Tuesday, December 1, 2020

An Old Pleasure, Rediscovered

Brooklyn, where I live, is not bad when it comes to having independent bookstores, at least by today's diminished standards.  I have a few that by bike I can reach in ten to fifteen minutes. Earlier this year, I was happy to see that in downtown Brooklyn, in a mixed-use complex called Citypoint where there are stores, bars, lots of eating places, a Trader Joe's, and an Alamo Drafthouse movie theater, a new large indie bookstore was being readied for opening. This store is McNally Jackson Books, of which there are four in New York City, two in Manhattan and two in Brooklyn. Before the pandemic hit, I went to Citypoint, for a bite or a drink or a movie, all the time, and when I saw that an indie bookstore I know and like was coming there, I was excited.  Like, I suppose, nearly everyone, I buy a large number of my books from Amazon, and I promised myself that I'd frequent this McNally Jackson store -- near me, no excuse not to go often -- on a regular basis.

The long-awaited opening happened the first week in March, but before I even had a chance to stop by, the coronavirus lockdown went into effect and the store had to close.  It was open then for 11 days.  The bookseller's other three locations were able to reopen in June, when the lockdown eased, but this particular store at Citypoint, because it is in a mall, did not get clearance to open.  That didn't happen until September, and I didn't realize the store had reopened until I swung by Citypoint several weeks after that.  Like most people I know, I don't go out much these days.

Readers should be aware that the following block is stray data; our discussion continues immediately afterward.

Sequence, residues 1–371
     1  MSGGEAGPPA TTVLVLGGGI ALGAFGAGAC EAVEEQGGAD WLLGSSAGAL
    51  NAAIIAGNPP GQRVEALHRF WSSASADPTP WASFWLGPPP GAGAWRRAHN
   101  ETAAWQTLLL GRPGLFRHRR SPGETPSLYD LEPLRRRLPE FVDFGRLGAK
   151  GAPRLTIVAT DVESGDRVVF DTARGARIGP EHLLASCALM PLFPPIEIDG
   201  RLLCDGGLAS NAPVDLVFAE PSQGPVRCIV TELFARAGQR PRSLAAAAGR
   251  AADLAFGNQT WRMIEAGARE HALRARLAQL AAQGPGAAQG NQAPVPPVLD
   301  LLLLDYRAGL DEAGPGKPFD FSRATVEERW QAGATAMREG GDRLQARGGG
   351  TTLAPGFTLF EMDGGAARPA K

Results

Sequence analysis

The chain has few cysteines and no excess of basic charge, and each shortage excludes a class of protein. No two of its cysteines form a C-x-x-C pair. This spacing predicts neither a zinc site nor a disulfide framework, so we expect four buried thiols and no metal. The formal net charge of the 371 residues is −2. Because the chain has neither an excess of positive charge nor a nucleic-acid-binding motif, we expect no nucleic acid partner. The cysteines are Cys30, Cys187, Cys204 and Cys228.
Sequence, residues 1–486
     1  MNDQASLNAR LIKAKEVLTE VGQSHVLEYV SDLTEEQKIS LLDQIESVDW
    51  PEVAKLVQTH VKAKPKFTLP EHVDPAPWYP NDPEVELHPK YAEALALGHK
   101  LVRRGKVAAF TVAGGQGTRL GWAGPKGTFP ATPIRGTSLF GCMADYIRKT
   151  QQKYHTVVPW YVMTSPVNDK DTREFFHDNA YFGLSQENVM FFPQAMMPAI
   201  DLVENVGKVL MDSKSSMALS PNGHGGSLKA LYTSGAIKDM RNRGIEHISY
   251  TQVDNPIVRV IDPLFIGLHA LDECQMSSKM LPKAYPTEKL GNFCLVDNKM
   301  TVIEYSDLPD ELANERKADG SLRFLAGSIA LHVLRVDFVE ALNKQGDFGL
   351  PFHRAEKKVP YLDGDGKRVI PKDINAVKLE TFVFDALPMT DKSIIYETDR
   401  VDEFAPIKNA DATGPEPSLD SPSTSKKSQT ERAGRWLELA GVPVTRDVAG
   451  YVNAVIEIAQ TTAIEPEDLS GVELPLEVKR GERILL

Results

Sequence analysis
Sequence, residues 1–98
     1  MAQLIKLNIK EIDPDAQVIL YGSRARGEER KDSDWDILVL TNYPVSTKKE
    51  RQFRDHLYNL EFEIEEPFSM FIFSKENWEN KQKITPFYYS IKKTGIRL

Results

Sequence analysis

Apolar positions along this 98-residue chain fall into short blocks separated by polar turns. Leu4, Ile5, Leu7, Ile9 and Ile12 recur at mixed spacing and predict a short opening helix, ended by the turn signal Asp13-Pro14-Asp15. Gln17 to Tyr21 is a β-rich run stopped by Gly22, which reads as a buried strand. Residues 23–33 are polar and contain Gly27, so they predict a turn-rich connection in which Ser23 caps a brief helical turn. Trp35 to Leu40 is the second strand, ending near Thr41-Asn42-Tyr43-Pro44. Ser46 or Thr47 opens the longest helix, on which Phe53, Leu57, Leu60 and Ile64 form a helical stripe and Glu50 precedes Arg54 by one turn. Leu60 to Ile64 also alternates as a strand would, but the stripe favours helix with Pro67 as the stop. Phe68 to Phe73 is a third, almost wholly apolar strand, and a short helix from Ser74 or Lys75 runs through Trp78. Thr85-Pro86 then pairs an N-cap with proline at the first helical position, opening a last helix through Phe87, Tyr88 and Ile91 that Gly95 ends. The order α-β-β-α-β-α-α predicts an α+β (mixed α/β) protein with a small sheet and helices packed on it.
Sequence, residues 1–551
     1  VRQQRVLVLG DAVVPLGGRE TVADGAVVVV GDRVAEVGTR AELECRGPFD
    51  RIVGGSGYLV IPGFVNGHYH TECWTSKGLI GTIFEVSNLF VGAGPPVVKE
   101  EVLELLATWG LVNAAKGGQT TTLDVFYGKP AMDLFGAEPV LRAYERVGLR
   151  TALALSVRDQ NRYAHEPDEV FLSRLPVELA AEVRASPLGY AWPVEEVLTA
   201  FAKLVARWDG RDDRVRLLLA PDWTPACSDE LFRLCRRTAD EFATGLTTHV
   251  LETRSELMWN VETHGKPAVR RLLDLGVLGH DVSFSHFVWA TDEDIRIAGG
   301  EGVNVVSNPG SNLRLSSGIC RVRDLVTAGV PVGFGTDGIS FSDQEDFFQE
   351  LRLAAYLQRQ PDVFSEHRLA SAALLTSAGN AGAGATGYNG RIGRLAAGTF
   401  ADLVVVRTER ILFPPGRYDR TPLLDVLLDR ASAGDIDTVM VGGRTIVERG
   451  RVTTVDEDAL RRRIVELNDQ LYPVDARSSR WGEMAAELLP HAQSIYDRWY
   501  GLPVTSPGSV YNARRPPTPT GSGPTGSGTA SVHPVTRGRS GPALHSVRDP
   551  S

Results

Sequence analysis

Well, a couple Saturdays ago, I finally bicycled over to the new location, and as soon as I stepped inside, I felt both at home and regretful.  At home because it's a lovely and spacious place, lined wall to wall, floor to floor, with books, and regretful because I don't make the effort to go to independent bookstores often enough.  

I realized almost at once how much I miss going to bookstores frequently and just doing the one thing you cannot do through Amazon in a way that's comparable: browsing.  Spending an hour or two in a store, flipping through any number of books, finding a book you didn't know about and getting lost in it for awhile, is something I used to do so often and now, not so much.  And this goes back to before the pandemic, my falling out of the bookstore going habit.  I can't blame it all on Amazon either, because Amazon has been around for years and I used to go to bookstores a lot well after Amazon came on the scene. I'm not sure why I go to bookstores less than I used to; if I had to pick a single reason, I'd say it's because I have so many unread books at home, I think to myself why go to a store to pick up yet another book (unless it's a book I'm going to buy and know I'm going to read immediately).  

Regardless of the reason, I had a wonderful time in McNally Jackson that Saturday and spent a good hour and a half there.  I actually took my time and browsed. No need for something I so essentially enjoy to feel like a retro experience, but it did, a little bit, though that's something I can change by going more.  And I intend to.  We all know how much indie bookstores like this need our support.  The store was nearly empty the whole time I was there, and I couldn't help but wonder what business is like.  The store is in what should be a good location, but because of the pandemic, one worries. I hope very much the location can make it.

Did I buy anything, or only browse?  I bought something, of course.  Only one book for now, because, as I said, with far too many unread books at home...

The Promise, the final work, years in the making, by the great Argentinian writer Silvina Ocampo.  This was plucked from the Latin American and Caribbean fiction section, where I could camp for months and months and thumb through the books if someone brought me food and water.  So much more to explore from there (I mean that one section, not to mention other sections), and that exploration will continue next time.

As I said after paying at the register, though in a friendly, not a Terminator, voice, "I'll be back."

No comments: